Image

I realised that there can only be one plane of any colour per any 3D slice...
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Re: Optimal Tesseract Slice

Postby gonegahgah » Fri Jul 28, 2017 9:01 am

I think I'm getting closer?
Image

I realised that the 2Der square has a green line at top, the 3Der cube has a green square at top, so the 4Der tesseract must have a green cube at top.
The 2Der then sees a green line at top when looking directly at the optimal 3D view of a cube.
The 3Der should then see a green square (squashed to diamond) at top when looking directly at the optimal 4D view of a tesseract.
The 4D optimal view can still be any of 360° of orientations where we are concerned...
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Re: Optimal Tesseract Slice

Postby Mercurial, the Spectre » Fri Jul 28, 2017 1:54 pm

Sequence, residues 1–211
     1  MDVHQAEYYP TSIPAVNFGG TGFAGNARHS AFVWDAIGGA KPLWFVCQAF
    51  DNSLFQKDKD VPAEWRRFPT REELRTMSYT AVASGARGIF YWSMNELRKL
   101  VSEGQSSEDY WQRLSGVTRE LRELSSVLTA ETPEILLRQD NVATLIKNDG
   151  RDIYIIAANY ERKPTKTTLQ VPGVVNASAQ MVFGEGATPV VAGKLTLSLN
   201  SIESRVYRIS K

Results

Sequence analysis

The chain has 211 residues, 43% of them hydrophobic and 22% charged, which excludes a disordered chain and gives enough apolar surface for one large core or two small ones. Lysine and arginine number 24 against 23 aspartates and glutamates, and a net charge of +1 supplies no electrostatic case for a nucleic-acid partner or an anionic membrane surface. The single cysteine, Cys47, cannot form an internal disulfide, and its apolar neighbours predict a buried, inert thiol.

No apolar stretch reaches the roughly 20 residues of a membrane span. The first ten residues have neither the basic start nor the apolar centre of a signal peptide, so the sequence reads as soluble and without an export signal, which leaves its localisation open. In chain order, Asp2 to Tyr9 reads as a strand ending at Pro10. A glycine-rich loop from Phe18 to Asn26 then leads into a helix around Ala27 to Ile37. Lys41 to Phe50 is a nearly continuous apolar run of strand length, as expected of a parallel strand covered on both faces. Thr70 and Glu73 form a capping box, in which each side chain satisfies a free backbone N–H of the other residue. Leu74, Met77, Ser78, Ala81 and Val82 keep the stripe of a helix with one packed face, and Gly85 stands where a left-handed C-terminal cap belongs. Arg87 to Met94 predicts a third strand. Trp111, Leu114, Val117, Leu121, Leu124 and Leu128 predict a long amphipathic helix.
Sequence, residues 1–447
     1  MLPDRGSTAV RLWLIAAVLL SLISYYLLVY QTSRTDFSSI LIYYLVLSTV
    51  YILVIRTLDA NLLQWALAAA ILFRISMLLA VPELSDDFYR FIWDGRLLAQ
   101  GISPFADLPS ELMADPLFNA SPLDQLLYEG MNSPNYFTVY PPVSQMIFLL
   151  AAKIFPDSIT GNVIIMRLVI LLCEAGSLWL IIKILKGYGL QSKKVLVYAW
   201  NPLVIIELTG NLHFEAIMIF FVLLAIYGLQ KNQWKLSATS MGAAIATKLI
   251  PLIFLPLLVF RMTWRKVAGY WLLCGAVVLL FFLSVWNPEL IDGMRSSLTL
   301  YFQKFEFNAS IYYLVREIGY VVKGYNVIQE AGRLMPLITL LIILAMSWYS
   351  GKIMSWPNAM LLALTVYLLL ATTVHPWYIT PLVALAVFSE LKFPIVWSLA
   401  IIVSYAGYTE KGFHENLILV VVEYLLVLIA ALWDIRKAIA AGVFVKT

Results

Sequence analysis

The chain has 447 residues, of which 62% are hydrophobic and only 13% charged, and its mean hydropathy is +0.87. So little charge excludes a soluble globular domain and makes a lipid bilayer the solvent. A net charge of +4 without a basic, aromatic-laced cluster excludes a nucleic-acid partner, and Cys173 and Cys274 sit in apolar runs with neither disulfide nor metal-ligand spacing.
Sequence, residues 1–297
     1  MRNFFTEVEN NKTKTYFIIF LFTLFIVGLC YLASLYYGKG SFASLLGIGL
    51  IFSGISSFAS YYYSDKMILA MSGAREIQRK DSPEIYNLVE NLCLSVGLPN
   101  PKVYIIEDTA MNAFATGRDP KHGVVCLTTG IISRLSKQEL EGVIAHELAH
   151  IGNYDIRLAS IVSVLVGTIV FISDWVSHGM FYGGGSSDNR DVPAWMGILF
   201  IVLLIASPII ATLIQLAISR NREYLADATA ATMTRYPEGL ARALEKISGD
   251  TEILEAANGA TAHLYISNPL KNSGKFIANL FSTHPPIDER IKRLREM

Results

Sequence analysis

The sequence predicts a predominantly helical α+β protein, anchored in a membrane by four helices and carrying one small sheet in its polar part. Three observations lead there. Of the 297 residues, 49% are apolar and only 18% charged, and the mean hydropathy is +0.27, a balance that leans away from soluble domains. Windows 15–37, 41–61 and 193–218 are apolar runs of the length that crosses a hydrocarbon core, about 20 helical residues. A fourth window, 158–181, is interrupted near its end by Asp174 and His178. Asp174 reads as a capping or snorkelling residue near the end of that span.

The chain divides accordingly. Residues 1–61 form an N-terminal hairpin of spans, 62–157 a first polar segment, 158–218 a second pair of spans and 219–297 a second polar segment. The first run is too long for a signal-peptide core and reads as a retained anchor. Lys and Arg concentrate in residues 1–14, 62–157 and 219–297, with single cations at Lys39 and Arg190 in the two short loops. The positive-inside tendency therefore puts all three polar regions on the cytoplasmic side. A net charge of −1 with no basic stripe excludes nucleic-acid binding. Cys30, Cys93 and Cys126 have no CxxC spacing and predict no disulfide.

You don't have to look at one of the cells. If you want 4 cubes visible, look at the tetrahedral-symmetric projections of the tesseract. Evidently, the vertex-first section provides the best possible orientation.

To a 3D person, one would have a rhombic dodecahedron hull. Four of the cubes would be visible (by symmetry, representing the vertices of the tetrahedron). Cross sections would start from a tetrahedron, which morphs into a truncated tetrahedron. If you continue the truncation so that they reach the midpoints you get the octahedron, its maximal slice. Then it reverses from that figure, back into a tetrahedron, albeit inverted.
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Re: Optimal Tesseract Slice